• There is no “Bernstein of our day” – such a person does not exist – and no one, least of all GD, claims otherwise. None of the commenters criticizing the very brief statement quoted in this post has suggested a better alternative so far here. It is true that music is most abstract of arts and therefore does not by itself contains a “message”, and yet the act of public performance and communal experience of it is indeed capable of producing a shared feeling of humanity in those participants – performers as well as listeners – who are able to feel anything.

    • Never thought I’d write this- but there is hope for you yet, though I would
      not as a communal experience attribute to music a shared feeling of humanity.

    • They could use as alternative: 1 – Barbican could print along the program a note dedicating the concert to all victims and families. A dedication making clear that the thing to be noted were not anyone at that concert hall, but the victims in Brussels. 2 – Other alternative could be a host announcing this same dedication through the loud speakers. 3 – Even GD could speak in the name of the orchestra, but saying just the dedication. In fact, GD is far from been a doyen d’âge or a erudite, and he went beyond his limits.

      I have to agree with Inimigopublico. Dudamel was kind of miss congeniality trying to capitalize with a puerile sound-bites. At the end, it was just enough to remind everybody about his cowardice concerning Venezuela.

      As usual for Dudamel, I cannot see any news. Did he shook a lot his hair at the Barbican? Does Messiaen sounded revitalized than ever before in the hands of the Messiah, ah? Nevermind…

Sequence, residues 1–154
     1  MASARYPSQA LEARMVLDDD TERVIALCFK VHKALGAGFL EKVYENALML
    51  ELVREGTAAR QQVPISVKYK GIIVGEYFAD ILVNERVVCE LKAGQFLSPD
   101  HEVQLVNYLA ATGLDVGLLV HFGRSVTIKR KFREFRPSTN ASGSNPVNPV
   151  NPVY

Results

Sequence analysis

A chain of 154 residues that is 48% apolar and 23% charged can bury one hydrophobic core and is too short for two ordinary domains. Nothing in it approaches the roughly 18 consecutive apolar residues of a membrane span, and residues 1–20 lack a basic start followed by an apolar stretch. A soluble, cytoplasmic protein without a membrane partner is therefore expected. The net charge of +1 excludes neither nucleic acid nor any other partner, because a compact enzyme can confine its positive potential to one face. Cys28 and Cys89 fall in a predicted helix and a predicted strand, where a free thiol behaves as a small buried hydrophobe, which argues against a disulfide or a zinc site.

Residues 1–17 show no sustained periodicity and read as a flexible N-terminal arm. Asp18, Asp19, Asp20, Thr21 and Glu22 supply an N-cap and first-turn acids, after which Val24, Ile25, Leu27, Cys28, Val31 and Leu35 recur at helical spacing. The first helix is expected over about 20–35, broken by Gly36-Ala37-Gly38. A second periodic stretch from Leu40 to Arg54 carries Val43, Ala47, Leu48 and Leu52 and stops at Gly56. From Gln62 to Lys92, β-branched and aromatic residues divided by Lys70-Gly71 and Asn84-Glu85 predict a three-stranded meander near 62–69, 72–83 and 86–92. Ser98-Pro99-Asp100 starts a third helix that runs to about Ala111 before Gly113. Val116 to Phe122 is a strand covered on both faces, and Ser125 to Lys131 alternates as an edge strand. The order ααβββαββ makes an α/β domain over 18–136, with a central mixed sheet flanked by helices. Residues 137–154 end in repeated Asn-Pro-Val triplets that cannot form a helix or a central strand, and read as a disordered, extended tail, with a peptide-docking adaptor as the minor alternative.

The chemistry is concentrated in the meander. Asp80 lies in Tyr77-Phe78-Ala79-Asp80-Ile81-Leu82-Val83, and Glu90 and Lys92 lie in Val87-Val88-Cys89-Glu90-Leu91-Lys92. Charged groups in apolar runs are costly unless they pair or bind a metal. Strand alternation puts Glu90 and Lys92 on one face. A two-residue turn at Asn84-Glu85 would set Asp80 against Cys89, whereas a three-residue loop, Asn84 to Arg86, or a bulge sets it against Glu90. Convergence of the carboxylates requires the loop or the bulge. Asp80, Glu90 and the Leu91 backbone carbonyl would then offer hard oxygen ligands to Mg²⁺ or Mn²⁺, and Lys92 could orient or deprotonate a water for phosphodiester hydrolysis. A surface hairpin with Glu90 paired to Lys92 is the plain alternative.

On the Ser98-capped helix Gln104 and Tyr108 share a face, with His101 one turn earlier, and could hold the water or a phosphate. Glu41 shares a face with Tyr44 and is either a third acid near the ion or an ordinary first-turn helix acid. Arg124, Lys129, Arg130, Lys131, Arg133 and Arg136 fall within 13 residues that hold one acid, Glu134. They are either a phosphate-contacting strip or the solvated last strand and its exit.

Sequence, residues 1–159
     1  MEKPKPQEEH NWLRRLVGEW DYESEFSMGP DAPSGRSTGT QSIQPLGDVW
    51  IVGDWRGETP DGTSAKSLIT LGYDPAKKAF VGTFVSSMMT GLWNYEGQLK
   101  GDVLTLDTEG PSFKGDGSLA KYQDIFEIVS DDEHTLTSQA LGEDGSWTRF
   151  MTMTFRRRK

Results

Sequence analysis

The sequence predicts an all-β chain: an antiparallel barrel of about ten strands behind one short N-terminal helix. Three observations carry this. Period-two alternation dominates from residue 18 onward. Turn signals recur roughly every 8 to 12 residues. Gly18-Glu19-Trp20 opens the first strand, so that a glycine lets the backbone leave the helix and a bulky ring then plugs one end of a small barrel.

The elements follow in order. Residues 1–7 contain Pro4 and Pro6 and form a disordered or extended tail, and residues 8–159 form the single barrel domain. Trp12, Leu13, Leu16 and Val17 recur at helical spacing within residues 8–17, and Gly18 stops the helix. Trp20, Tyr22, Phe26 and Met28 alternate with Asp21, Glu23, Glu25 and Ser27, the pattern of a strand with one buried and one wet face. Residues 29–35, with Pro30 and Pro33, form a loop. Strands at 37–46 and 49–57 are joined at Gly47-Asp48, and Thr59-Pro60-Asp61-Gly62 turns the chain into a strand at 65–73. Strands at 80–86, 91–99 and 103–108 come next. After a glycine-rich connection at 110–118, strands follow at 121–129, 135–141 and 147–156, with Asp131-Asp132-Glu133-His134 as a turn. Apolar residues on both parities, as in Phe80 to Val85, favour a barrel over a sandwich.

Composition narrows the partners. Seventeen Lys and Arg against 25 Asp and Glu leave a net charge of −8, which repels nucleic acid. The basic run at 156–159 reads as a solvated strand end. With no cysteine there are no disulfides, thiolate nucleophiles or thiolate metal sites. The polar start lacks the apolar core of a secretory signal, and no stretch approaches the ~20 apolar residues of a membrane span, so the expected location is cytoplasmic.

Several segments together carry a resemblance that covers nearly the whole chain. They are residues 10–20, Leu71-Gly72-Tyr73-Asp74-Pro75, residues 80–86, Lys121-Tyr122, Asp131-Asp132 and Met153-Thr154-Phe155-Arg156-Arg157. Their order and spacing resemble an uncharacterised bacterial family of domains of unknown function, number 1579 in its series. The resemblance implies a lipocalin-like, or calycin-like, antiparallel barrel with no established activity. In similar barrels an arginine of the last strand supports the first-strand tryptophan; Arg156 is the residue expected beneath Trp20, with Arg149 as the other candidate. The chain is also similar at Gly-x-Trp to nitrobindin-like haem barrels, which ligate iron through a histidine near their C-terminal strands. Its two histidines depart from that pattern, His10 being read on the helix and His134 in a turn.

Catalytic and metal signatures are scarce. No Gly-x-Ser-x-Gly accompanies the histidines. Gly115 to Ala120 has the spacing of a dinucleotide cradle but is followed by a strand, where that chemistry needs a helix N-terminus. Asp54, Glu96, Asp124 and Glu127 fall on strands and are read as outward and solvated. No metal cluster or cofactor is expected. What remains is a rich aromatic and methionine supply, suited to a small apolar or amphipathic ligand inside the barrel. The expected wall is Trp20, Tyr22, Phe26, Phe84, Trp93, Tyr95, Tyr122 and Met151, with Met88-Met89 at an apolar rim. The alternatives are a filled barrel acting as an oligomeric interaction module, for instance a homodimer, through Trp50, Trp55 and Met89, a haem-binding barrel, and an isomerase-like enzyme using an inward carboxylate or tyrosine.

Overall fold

• To milka: that is why I concluded my previous statement with a qualification.
      To rgiarola: but for whatever reason the Barbican hosts did not do 1 or 2; as for 3 – you would have preferred 1 sentence instead of 2 – fair enough but debatable. As for the performances – if you were not there, then read reviews. There aren’t any here.

      • No need to read reviews for this specific GD amusement, that I wasn’t. As Goethe said, “You don’t have to travel around the world to understand that the sky is blue everywhere.’

        Debatable is the MKT management behind GD, that always inflict hype and mystification around him. Where is now the “Messiah”? Where is the guy that would rejuvenate all orchestras around the world? Where is the new L. Bernstein? Where are many other bullshits that were considered statements about him 10 years ago? Does GD artistic achievement justified it? I don’t think so. It is funny that in the last decade GD had been the main focus of mostly all headlines concerning classical music, and few things had been said about other people of same generation or little older. Kirill Petrenko is an clear example. Even Andris Nelson, D. Harding, Nézet-Séguin, Vasily Petrenko or Ludovic Morlot weren’t really top news at that time, just to name a few ones.

        • So, you are still interested in talking about publicity statements made 10 years ago, but not in music making that is happening now. That is your choice. As for me, I am not interested in publicity statements, even fresh ones, but I am always interested in music.

          • That’s the point, considering everything we said. I’m the truly one interested in music making of the last decade, including now a days performances. You are the one here clearly defending a cult of personality, in all opinion that don’t convey to it. There many other artists doing music, but not just the pretentious GD. Probably you don’t know it on your blind way, but many or mostly doing much better than the “Messiah”. The prove is that they don’t need to show up for everything they say, besides the music they produce.

          • You are the one whose comments here are all about the hype, not me. This post is only about the statement made from the stage and that is what i am addressing here. Nowhere did i say that this conductor is the greatest or anything of that kind. So, your insinuations are baseless and pointless.

  • I like Leonard Bernstein’s words a lot better:

    “This will be our reply to violence: to make music more intensely, more beautifully, more devotedly than ever before.”